Keisean Lucier-South rose from the turf and brushed off his chest with his fingertips, in slow and exaggerated fashion, after UCLA’s final defensive play Saturday.
The senior linebacker was immediately surrounded by teammates who repeated the gesture. First came Osa Odighizuwa. Then Tyler Manoa. Then Josh Woods.
There was nothing to brush off because artificial turf doesn’t tend to leave grass or dirt stains. It was just Lucier-South’s signature celebration, as well as a metaphor for his season debut after completing a three-game academic suspension.
He was back in the biggest of ways, having just blindsided Washington State quarterback Anthony Gordon to force a fumble that Woods recovered with 59 seconds left to preserve the Bruins’ 67-63 victory.
Woods and Manoa had predicted the scenario after their team had taken its first lead of the fourth quarter a few minutes earlier, telling Lucier-South he needed to make a game-altering play.
“The funny thing is,” Lucier-South said, “I made the play, and it felt really good.”
The only plays Lucier-South had made over the previous five months came on a blocking sled while working alone. He had been held out of practice since April because of academic deficiencies that he had to address before making his return. But he showed up every day during fall camp, wearing a sun hat and clutching a laminated play sheet while he watched his teammates.
“It was rough while I was away,” Lucier-South said. “I worked every single day. I worked in the weight room, I worked after practice, I worked before practice. Working out three times a day and never gave up, trying to get ready for the fourth game against Washington State.”
He was ready for his big moment, beating the Cougars’ left tackle and getting to Gordon after the quarterback held the ball a beat too long. That allowed Lucier-South to break out the move he had last unveiled after making a sack against Texas A&M in 2017.
“I’m not trying to do it that much,” Lucier-South said of his celebration, “but at the time it just felt great. I had to do it.”
UCLA’s many happy returns against Washington State weren’t just unexpected, they were unprecedented.
The Bruins had never previously returned a kickoff and a punt for a touchdown in the same game, according to available records that date to 1957.
Demetric Felton Jr. and Kyle Philips added their names to the record book by completing that rare daily double against the Cougars.
Felton’s 100-yard kickoff return, full of jukes, cutbacks and broken tackles, was all the more stunning considering the Bruins’ habit of fair catching kickoffs under coach Chip Kelly. The team has returned only six kickoffs in four games, but Felton said Kelly had given him more of a green light before Saturday.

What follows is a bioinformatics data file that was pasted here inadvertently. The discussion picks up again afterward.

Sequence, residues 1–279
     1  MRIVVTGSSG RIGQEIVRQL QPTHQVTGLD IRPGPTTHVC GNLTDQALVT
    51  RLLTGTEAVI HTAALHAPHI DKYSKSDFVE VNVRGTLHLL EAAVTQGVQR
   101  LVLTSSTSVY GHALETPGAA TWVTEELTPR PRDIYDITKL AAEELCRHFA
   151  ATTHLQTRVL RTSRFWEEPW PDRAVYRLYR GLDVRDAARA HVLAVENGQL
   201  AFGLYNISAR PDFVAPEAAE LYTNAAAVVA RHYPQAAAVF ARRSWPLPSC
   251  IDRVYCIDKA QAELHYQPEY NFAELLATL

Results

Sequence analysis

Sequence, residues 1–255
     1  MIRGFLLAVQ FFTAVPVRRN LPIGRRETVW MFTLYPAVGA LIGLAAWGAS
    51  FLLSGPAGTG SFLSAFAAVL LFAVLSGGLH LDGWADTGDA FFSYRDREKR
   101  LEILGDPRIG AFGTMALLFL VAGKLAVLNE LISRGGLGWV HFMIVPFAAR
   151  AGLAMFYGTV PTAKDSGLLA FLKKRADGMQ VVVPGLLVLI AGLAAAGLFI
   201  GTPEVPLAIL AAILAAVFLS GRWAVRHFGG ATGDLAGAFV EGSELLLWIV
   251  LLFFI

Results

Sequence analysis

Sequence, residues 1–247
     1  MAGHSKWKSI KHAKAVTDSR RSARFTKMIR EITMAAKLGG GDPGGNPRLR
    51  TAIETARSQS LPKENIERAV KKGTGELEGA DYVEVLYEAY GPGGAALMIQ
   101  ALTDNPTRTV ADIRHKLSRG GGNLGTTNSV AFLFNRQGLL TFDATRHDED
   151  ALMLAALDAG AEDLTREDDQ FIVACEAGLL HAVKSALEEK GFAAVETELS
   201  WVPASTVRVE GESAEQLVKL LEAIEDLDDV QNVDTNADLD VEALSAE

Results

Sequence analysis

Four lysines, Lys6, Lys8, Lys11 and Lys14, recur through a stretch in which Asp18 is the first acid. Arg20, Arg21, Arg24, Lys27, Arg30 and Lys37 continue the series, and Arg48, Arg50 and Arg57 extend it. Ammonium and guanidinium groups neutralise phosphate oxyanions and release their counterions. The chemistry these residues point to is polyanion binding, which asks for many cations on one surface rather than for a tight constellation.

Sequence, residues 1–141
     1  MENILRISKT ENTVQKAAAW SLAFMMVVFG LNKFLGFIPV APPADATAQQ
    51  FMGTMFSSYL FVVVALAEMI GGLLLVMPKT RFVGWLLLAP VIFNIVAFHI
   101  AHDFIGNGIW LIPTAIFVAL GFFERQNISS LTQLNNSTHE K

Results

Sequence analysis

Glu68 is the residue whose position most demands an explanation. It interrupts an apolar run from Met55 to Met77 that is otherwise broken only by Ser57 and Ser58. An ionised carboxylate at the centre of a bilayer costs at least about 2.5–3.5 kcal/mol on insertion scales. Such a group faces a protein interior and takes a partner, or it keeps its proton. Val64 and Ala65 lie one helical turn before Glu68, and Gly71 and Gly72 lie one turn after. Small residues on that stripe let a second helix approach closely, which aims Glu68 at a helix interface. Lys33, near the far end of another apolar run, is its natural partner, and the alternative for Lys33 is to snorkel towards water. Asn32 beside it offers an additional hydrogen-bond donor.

Kelly said the decision whether to return a kickoff goes beyond where the ball is caught.
“The type of kick that’s made, the placement of the ball in the field, the type of return that’s set up, is it in our strike zone, is it not in our strike zone?” Kelly said of the additional factors. “There’s a lot that goes into it; it’s not just a, hey, just fair catch this for the heck of it.”
Some had feared Felton’s return, UCLA’s longest since Ishmael Adams returned one the same distance against Arizona State in 2014, might be wiped out by a seemingly incomprehensible penalty: One of the team’s operations staffers collided with an official running down the sideline.
But the Bruins benefited from a rule that enforces that penalty on the ensuing kickoff, allowing the return to stand.
Philips’ 69-yard punt return was the first punt brought back for a touchdown by UCLA since Maurice Jones-Drew returned one 81 yards against California in 2005. Philips broke one tackle in the moment after catching the ball and then weaved through defenders while crisscrossing the field.
He said he knew it was a touchdown once he saw teammate Chase Cota seal off a block that provided open passage to the other side of the field, where Philips evaded two more defenders on his way to the end zone. He also credited the scheme of coaches DeShaun Foster and Derek Sage for putting him in position for the big play.
“Like coach Foster said, you just have to make one guy miss and the scheme takes care of the rest,” Philips said. “I just ran. Blockers took care of the rest.”
Philips’ average of 37.3 yards per punt return has given UCLA the nation’s top spot in that category, albeit on only three returns.